Authors: Nicole Sciberras Debono & Bastien Debiève
Back in August 2020, we published an article on the launch the world’s largest funding programmes for the demonstration of innovative low-carbon technologies – the European Innovation Fund. Since then, 311 applications were submitted for the large-scale call back in October 2020, where 117 of them met the necessary thresholds to be validated, and 70 passing to the second stage, the submission of which is this coming June. Ewropa is currently assisting one of these applicants.
The Innovation Fund will finance innovative low-carbon technologies and bring to the market industrial solutions to decarbonise Europe; it has an overall budget of 10 billion euros for the period between 2020 and 2030. It is dedicated for innovative technologies with the following technological sectors: renewable energy, hydrogen, energy-intensive industries, energy storage, carbon capture, and utilisation and storage of energy. With such projects, the European Commission expect to avoid the emission of 402 MtCO2.
On 28 April, the European Commission organised an online event to discuss both the large-scale calls and the small-scale calls launched in 2020 in order to provide an overview and some statistics of the applications received, as well as some ‘lessons learnt’ for future applicants to consider.
The selected projects cover all the above-mentioned sectors envisaged in the calls, where it was noticed that the greater part consisting of energy intensive industries and hydrogen. Many also offer solutions related to recycling and renewable energies (mostly solar and wind power), in particular through services or digital tools. A significant part of the projects come from Italy and Spain, where national ecosystems have participated in supporting actors in their application to the European fund.
The European Commission noted that applicants often sought the assistance of external advisers in the preparation of the dossier. In addition, the majority (60%) of applicants declared having participated in Commission webinars to get information about the application. A similar rate of respondents said that the documents to be provided as part of the application were not challenging; while some candidates wished to benefit from templates, the majority found that the instructions were clear.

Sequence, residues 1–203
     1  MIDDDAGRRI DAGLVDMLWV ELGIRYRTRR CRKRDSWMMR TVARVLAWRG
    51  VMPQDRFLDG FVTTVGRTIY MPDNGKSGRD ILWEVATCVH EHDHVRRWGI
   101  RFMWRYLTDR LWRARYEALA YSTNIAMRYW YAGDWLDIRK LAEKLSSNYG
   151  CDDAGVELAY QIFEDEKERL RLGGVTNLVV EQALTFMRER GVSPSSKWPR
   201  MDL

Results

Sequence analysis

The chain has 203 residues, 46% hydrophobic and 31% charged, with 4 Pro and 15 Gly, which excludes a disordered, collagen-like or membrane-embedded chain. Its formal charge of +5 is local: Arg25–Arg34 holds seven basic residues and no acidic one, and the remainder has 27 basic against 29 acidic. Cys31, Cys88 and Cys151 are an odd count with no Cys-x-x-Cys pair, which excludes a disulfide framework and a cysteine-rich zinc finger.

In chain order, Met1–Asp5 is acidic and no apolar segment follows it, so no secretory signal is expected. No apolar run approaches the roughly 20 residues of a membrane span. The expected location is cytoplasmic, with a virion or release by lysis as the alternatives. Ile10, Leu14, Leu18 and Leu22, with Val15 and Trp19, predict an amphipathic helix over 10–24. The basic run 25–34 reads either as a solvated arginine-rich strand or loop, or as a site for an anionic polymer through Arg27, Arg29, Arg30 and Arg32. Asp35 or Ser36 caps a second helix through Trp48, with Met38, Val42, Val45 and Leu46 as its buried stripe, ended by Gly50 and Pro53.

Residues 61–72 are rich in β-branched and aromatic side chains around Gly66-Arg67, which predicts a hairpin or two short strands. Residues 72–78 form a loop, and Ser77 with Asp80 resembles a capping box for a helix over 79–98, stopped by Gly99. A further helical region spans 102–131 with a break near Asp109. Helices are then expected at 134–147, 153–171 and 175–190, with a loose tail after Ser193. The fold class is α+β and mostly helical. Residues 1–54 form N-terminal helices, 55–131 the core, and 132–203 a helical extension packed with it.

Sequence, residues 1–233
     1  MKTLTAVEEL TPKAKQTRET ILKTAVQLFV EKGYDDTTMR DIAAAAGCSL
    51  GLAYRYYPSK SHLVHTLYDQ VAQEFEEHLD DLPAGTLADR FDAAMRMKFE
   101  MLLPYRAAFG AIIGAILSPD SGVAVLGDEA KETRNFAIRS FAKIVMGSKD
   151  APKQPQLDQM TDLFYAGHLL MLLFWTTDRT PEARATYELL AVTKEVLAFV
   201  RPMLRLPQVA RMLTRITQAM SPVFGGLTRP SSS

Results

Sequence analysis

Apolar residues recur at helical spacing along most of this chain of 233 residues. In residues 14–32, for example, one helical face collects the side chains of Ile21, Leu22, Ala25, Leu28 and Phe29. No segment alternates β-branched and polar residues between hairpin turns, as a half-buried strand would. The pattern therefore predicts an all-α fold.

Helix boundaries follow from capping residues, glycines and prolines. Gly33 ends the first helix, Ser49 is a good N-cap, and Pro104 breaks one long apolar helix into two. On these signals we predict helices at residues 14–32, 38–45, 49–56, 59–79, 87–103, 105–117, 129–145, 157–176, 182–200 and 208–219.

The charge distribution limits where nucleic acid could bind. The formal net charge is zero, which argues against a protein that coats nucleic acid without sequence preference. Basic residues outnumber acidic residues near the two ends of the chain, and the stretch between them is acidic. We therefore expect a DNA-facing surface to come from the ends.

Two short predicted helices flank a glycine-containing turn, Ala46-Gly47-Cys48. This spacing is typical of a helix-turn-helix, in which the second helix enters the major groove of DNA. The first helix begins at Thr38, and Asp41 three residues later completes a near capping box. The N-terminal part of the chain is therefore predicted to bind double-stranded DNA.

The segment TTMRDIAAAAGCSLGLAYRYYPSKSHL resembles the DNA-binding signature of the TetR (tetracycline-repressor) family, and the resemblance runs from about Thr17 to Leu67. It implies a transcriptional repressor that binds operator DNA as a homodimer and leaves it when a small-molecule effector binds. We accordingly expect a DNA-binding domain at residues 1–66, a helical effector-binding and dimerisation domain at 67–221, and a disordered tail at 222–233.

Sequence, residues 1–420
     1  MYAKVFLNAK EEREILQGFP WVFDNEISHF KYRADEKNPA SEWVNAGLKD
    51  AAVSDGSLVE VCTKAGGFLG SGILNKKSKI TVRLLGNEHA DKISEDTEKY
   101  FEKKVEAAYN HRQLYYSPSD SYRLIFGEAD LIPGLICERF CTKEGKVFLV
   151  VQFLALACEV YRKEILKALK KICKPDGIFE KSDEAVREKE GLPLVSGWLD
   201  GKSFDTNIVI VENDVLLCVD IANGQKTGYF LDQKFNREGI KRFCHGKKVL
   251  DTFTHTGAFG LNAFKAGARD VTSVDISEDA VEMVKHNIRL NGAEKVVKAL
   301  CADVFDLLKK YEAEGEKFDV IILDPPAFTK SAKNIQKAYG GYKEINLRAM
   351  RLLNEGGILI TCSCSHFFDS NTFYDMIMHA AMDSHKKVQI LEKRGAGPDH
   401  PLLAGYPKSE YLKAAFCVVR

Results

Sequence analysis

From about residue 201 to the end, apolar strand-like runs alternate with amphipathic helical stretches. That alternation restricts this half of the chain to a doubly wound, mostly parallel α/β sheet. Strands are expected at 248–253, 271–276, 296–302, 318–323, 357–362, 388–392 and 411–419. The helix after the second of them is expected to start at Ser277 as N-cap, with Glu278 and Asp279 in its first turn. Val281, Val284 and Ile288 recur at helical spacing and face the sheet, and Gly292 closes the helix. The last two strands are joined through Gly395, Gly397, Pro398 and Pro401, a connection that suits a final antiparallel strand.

Above all, the analysis of the applications showed that applications which did not pass on to the second stage mainly lost points under the project maturity criteria especially with regards to financial maturity where the Commission expects to see a properly formulated project risk prevention strategy with proper, detailed and complete budget.
The European Commission already released some information on the second call for large scale projects. It aims to create a faster evaluation process by opting for a one-stage application process as opposed to a two-stage process. It will likely be launched in October 2021 with a submission deadline of February 2022. The Commission also referred to Member States’ accessibility to additional fund through the Recovery and Resilience Facility.
Do you have a project in mind which encompasses renewable energy, hydrogen bio-mass, energy storage, or carbon capture, utilization and storage? This is the perfect time to see your project come to fruition. Having assisted applicants to reach the second stage, here at Ewropa we have ample experience with the Innovation Fund application process, and we would be an indispensable part of your team.
If you have a project, in excess of €7,500,000, to bring innovative green technology to the market, you might be eligible to apply in the first call for large-scale project applications whereas if your project likely costs less than €7,500,000, to bring innovative green technology to the market, you might be eligible to apply in the second call for small-scale projects.
If you would like more information on how you can access the Innovation Fund, please contact us on email@example.com